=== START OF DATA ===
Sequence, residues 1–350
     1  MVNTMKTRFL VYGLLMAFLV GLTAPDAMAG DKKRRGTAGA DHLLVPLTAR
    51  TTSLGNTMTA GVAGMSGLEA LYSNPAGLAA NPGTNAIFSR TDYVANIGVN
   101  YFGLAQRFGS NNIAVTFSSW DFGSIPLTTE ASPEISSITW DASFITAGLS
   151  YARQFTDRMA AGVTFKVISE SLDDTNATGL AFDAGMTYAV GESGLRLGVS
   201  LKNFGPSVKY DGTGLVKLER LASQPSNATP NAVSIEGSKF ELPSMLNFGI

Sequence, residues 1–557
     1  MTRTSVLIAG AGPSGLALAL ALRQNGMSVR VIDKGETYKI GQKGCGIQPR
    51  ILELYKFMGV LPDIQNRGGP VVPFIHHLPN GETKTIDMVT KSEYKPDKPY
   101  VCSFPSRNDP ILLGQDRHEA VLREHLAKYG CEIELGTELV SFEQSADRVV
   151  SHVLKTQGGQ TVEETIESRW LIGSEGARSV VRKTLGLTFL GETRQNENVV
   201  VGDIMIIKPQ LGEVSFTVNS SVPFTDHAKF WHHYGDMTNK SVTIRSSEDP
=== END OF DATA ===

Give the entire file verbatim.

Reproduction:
Sequence, residues 1–350
     1  MVNTMKTRFL VYGLLMAFLV GLTAPDAMAG DKKRRGTAGA DHLLVPLTAR
    51  TTSLGNTMTA GVAGMSGLEA LYSNPAGLAA NPGTNAIFSR TDYVANIGVN
   101  YFGLAQRFGS NNIAVTFSSW DFGSIPLTTE ASPEISSITW DASFITAGLS
   151  YARQFTDRMA AGVTFKVISE SLDDTNATGL AFDAGMTYAV GESGLRLGVS
   201  LKNFGPSVKY DGTGLVKLER LASQPSNATP NAVSIEGSKF ELPSMLNFGI

Sequence, residues 1–557
     1  MTRTSVLIAG AGPSGLALAL ALRQNGMSVR VIDKGETYKI GQKGCGIQPR
    51  ILELYKFMGV LPDIQNRGGP VVPFIHHLPN GETKTIDMVT KSEYKPDKPY
   101  VCSFPSRNDP ILLGQDRHEA VLREHLAKYG CEIELGTELV SFEQSADRVV
   151  SHVLKTQGGQ TVEETIESRW LIGSEGARSV VRKTLGLTFL GETRQNENVV
   201  VGDIMIIKPQ LGEVSFTVNS SVPFTDHAKF WHHYGDMTNK SVTIRSSEDP